The project was launched with Erdogan declaiming “in the name of God!” and work immediately began on the site, with the first concrete pouring as celebratory fireworks were let off.

Once completed the power station will provide 10 percent of the electricity needs of Turkey, which has few energy resources of its own. The first stage is due to come online in 2023, the 100th anniversary of modern Turkey’s founding, and be completed entirely in 2026.

Russia and Turkey are also building the TurkStream gas pipeline under the Black Sea that will allow Moscow to pump gas to Europe avoiding Ukraine and increase Turkey’s importance as a transit hub.

Half of the offshore section of the pipeline has already been installed.

“We are realising a number of strategic projects with the Russian Federation,” said Erdogan.

 

More evacuees leave Syria’s Ghouta

Buses carrying Syrian civilians and rebels began leaving the last opposition holdout in Eastern Ghouta Tuesday on a second day of evacuations, as the regime eyed the total reconquest of the enclave.

Evacuations of Jaish al-Islam fighters and their families from the former rebel bastion’s main town of Douma started Monday under a Russia-brokered deal.

Jaish al-Islam has not yet confirmed the accord, amid reports hardliners within the group were refusing to leave their positions.

The reported deal is the latest in a string of agreements that have seen tens of thousands of people - rebels and civilians - leave the onetime stronghold outside Damascus for the north of the country.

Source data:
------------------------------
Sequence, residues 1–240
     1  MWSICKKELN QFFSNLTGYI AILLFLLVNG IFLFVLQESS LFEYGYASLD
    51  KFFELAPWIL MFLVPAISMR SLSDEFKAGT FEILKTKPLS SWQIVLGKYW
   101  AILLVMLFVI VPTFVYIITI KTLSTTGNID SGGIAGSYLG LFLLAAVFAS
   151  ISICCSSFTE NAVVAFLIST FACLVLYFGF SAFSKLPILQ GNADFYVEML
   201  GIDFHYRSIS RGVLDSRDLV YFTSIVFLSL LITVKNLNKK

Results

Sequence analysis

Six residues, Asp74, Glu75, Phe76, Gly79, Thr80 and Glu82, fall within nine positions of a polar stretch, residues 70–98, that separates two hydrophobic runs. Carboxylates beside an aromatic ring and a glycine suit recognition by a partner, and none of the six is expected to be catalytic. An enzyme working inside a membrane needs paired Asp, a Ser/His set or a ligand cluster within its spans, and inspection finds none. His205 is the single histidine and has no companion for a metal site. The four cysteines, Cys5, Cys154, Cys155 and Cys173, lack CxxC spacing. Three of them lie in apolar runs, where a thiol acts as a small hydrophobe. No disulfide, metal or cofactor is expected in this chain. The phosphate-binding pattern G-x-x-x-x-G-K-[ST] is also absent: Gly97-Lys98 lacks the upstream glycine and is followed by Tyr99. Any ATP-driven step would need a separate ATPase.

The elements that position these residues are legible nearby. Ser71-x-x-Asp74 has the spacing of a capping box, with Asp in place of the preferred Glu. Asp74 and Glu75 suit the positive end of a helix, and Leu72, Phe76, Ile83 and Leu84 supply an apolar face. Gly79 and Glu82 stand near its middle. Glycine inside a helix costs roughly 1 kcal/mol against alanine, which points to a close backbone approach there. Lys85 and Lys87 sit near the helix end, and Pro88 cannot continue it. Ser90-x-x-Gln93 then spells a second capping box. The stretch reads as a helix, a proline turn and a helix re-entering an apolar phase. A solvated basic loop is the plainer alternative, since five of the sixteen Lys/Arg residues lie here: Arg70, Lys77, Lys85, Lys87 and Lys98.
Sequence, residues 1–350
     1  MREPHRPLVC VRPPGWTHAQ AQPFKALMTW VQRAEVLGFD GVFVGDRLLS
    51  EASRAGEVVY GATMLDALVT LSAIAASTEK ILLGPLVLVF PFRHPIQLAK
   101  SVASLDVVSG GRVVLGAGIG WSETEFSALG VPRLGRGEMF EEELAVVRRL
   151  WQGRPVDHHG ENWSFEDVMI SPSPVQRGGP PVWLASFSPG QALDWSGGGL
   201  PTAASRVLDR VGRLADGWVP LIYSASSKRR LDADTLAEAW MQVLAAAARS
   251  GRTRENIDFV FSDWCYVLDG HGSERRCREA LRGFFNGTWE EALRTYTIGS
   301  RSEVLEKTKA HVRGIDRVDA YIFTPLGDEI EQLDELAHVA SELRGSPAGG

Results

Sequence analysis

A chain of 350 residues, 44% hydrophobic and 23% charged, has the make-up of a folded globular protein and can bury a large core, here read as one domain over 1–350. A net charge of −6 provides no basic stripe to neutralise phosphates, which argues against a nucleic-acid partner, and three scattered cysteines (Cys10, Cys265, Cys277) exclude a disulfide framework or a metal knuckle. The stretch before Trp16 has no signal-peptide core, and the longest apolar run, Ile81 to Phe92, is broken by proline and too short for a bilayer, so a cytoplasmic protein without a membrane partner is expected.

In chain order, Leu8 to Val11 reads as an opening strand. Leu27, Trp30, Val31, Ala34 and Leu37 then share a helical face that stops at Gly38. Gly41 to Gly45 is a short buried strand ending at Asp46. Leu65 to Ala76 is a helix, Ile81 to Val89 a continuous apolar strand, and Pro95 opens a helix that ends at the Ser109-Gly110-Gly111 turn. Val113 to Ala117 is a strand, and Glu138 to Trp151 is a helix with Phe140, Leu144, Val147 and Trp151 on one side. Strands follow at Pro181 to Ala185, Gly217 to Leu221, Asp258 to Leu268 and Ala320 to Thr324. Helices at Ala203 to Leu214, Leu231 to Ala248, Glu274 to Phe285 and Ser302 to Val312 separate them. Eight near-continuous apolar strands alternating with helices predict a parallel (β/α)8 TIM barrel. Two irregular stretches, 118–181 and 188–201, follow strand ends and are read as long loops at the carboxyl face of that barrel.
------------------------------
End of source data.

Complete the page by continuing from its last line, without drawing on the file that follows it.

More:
Russia-backed regime forces have retaken control of 95 percent of Eastern Ghouta since February 18 through a combination of a deadly air and ground assault and evacuation deals.

The recapture of Eastern Ghouta would mark a major milestone in President Bashar al-Assad’s efforts to regain control of territory seized by rebels during Syria’s seven-year civil war.

An AFP correspondent saw six buses carrying people leave the enclave on Tuesday via the regime-held Wafideen checkpoint.

A woman and small child peered out of a bus window, a teddy bear backpack lodged beside their seat. Cracks spread from a hole in the windscreen of one bus.

State news agency SANA said “a number of buses” carrying Jaish al-Islam fighters and their family members had exited through the checkpoint.

In previous evacuations, buses leaving Douma have gathered near Wafideen or on the side of the motorway outside Damascus, and waited for hours for others to join them before setting off as a full convoy to northern Syria.